COVID-19 cases are spiking to dangerous levels all across the United States, as the long-dreaded second wave of the virus takes its hold on all fifty states. But unlike the first massive outbreak of the virus, which merited stay-at-home orders in almost every state, the new surge is about to be compounded by the holiday season. That has many disease experts humming the same, sad tune: do not gather for the holidays this year.
Thanksgiving will be the first true test of the American’s willingness to heed caution. But Turkey Day will be followed by a slew of wintertime holidays, a month of festivities that Americans of every culture typically celebrate in clusters of family and friends. That prospect has one Biden advisor sounding alarms.
“Right now we have a fire blazing,” warns Dr. Celine Gounder, a member of the President-Elect’s virus task force. “To me, traveling and spending time with people over the holidays is sort of like pouring gasoline on a fire. It’s just not a good idea in the middle of a pandemic, especially at this juncture.”
Dr. Gounder made the comments while appearing on CNBC’s Squawk Box, on a day that the United States hit another grim milestone of the pandemic. Thursday reported 150,000 new daily cases of COVID-19 across the country, a new record high. The weeklong average of daily new infections now sits at 131,445, which is a 32% increase from just a week ago.
Meanwhile, Dr. Isaac Bogoch, an infectious disease specialist at the University of Toronto, is warning about the ripple effect of a massive holiday-season contagion. Since hospitalizations and deaths lag newly-diagnosed infections by a few weeks, Bogoch fears that the months following the holiday season could place a massive strain on the healthcare system.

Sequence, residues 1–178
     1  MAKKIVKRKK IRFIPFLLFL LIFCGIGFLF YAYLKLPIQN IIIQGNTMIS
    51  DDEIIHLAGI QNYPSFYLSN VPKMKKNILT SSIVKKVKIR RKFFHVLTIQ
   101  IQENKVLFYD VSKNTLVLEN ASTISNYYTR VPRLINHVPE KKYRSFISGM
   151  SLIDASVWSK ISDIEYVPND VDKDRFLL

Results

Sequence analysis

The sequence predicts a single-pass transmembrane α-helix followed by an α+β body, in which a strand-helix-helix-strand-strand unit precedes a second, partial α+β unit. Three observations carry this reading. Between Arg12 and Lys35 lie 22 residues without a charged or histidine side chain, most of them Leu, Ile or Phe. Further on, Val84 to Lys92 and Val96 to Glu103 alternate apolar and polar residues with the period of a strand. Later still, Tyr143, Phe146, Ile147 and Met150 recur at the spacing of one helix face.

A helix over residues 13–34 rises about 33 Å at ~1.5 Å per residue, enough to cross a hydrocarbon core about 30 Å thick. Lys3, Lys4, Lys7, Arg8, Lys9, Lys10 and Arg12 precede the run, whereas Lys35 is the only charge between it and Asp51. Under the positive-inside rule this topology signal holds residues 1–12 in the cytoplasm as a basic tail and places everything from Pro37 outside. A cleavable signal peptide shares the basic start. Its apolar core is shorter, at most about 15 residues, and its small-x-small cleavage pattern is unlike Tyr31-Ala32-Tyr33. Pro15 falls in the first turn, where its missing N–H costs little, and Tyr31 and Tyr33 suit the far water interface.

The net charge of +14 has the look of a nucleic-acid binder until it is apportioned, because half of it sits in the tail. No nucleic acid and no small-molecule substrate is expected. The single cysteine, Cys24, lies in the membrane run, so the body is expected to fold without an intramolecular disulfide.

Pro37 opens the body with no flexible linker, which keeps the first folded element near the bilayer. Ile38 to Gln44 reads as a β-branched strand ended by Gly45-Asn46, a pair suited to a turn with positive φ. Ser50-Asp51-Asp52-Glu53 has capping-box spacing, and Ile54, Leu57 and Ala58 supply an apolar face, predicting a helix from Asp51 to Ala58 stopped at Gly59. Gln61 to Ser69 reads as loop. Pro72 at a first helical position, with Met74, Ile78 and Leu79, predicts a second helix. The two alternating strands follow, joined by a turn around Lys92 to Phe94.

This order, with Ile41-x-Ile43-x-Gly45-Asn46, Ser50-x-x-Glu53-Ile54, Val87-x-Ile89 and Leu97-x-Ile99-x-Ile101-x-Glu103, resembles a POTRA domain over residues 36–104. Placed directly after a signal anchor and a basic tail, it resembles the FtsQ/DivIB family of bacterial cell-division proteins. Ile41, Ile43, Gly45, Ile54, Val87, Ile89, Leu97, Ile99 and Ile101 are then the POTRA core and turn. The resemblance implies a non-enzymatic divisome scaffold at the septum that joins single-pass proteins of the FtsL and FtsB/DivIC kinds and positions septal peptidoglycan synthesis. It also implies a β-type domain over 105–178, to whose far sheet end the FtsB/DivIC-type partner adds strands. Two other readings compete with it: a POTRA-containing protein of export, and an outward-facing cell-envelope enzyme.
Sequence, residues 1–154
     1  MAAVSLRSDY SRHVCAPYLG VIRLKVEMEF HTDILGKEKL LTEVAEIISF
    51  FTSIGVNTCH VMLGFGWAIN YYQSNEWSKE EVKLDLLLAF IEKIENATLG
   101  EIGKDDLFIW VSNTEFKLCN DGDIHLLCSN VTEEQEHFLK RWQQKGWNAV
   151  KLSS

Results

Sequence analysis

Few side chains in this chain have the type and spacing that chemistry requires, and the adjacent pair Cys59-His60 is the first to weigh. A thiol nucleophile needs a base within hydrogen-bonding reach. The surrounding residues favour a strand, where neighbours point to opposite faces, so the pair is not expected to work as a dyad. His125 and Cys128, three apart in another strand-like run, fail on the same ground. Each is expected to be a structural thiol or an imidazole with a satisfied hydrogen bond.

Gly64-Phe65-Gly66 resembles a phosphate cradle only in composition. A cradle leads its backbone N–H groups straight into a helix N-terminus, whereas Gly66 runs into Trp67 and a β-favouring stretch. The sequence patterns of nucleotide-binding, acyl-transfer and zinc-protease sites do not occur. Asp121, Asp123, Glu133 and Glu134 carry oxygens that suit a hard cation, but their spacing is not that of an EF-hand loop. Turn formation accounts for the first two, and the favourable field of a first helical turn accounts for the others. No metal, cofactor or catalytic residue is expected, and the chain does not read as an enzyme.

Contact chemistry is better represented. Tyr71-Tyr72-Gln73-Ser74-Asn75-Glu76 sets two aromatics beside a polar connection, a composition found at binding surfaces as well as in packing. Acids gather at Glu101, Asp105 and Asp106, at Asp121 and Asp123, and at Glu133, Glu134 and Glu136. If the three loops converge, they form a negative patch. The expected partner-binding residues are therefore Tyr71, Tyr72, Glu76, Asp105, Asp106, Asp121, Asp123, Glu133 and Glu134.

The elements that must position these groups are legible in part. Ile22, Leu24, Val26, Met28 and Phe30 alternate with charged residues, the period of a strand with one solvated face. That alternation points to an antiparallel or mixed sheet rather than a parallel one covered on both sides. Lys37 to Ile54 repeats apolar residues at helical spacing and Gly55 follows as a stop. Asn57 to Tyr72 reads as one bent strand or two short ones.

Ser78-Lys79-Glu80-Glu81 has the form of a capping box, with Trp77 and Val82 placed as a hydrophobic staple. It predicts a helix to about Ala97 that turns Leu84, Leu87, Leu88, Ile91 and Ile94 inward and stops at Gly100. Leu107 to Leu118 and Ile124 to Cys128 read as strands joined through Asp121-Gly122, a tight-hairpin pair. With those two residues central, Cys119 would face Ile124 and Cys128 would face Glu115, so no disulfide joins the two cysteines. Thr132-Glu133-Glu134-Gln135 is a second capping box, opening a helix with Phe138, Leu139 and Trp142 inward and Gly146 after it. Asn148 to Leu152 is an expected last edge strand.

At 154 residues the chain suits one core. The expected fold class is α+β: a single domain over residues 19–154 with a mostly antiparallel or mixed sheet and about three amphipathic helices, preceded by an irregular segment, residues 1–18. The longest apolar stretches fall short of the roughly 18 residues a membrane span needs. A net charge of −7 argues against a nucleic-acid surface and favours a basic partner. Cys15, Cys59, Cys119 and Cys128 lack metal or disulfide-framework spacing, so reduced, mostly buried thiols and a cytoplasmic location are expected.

“The upcoming holidays of Thanksgiving, Diwali, Christmas, Hanukkah, and New Year’s create the potential for innumerable super-spreading events across the country,” Bogoch warns. “This has the potential to introduce and reintroduce the virus to new areas and to further exacerbate community transmission.”
What Should We Do?
Despite the warnings, most Americans are probably more eager than ever to spend time with family to cap off a historically tumultuous year. But the Centers for Disease Control is telling people to be careful even with a small gathering of non-household members. In many cases, informal gatherings of companions is a leading contributor to the recent surge. Celebrating virtually or only with members of your immediate household, the CDC says, poses the lowest risk for spread.
While few leaders have enacted laws against holiday gatherings, some are already repeating the CDC’s unpleasant advice. New York Mayor Bill de Blasio, for instance, has urged residents not to travel out of state for the holidays. The Mayor fears that crossing state lines could result in New Yorkers carrying the virus back to the city with them.
Meanwhile, Dr. Anthony Fauci, the nation’s leading infectious disease expert, has wistfully admitted that his own kids will not be joining him for the holidays in the coming months.
“My Thanksgiving is going to look very different this year,” he said on CBS News. “I would love to have it with my children, but my children are in three separate states throughout the country, and in order for them to get here, they would all have to go to an airport, get on a plane, and travel with public transportation.” All actions, Fauci argues, that could contribute to further spread of the disease.
For the time being, Gounder encourages Americans to not give up on everyday prevention methods, like wearing a mask in public, washing hands frequently, and keeping distance from others.
“Those measures really remain at the center of the response here,” said the doctor.